A new technique will help see what even MRI scans cannot
ever since the invention of x -rays about 100 years ago, medical imaging technology has undergone several changes. cat -scans, pet scanning and mri scanning have helped physicians learn a great deal about the human body without surgical intervention. But there remain some parts of the body, such as lungs, which are still not clearly visible in these images. Now, several researchers are exploring a new mri technique that could provide high-resolution images of lungs.
The idea behind the new mri scanning technique is that some unusual isotopes of rare gases like xenon or helium, which have been 'hyperpolarised' with the help of laser beams, can provide a much stronger signal for the mri machine. Thus, if the patient inhales a lung-full of this isotope and retains the gas in his/her lungs while the scan is taken, the mri signal is almost 100,000 times stronger than the signal obtained from water. With the stronger signal, the lungs can be better imaged with a much greater resolution. The challenge has been to make enough of the polarised gas.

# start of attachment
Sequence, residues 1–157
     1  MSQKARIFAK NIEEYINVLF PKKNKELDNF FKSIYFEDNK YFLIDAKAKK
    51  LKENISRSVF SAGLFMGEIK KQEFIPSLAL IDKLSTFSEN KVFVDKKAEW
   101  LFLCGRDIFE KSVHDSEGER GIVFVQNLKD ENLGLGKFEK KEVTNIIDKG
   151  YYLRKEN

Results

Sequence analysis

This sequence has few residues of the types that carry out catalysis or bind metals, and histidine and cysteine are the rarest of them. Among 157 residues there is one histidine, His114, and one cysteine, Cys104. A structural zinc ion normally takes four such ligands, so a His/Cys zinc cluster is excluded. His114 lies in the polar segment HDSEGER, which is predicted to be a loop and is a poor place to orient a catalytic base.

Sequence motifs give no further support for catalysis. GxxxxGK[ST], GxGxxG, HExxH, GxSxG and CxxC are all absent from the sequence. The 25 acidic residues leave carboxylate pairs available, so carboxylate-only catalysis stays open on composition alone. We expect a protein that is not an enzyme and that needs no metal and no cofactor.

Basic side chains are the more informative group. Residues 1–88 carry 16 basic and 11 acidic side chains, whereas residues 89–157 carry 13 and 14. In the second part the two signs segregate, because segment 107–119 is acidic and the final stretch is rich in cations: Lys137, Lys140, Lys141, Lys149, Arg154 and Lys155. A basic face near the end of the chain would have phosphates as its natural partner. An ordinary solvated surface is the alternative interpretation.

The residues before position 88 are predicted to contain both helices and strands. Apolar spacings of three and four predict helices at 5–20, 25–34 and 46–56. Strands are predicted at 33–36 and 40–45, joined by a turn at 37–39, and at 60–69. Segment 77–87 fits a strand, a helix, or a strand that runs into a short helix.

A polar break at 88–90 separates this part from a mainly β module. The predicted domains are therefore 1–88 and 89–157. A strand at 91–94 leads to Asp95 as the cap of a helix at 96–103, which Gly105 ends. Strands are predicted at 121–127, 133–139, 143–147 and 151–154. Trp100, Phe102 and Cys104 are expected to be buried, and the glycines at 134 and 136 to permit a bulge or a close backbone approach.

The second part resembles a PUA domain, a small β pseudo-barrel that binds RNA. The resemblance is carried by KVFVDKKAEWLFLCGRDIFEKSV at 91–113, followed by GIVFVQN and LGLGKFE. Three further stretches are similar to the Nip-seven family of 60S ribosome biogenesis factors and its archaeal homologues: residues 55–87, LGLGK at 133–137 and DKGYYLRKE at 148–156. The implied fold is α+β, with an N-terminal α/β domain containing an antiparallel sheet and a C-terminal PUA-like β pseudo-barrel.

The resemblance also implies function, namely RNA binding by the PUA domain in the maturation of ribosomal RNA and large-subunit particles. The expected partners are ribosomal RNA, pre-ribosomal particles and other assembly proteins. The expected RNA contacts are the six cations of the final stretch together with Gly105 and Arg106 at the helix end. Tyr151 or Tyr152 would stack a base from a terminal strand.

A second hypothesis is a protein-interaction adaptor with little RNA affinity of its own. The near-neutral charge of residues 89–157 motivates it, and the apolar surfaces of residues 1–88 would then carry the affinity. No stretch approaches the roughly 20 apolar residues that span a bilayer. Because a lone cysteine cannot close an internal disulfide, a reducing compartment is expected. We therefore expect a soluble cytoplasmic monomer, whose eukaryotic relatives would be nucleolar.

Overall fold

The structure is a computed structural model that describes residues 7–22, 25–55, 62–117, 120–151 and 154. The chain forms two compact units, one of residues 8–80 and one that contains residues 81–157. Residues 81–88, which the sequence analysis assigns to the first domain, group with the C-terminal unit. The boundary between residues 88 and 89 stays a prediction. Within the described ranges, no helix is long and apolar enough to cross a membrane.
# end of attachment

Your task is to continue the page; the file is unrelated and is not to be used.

In the 1990s, miti , a us company, developed a machine to make the polarised isotopes in enough quantities to be useful for mri scans of lungs. This machine uses a laser to first polarise rubidium atoms in vapour. The rubidium atoms then give up their spin to the helium atoms, which have been mixed in the rubidium vapour. This method has been tested on many volunteers to obtain much clearer images of their lungs. Researchers say that the technique could also be useful in colon imaging ( Scientific American , June 1999, p33).
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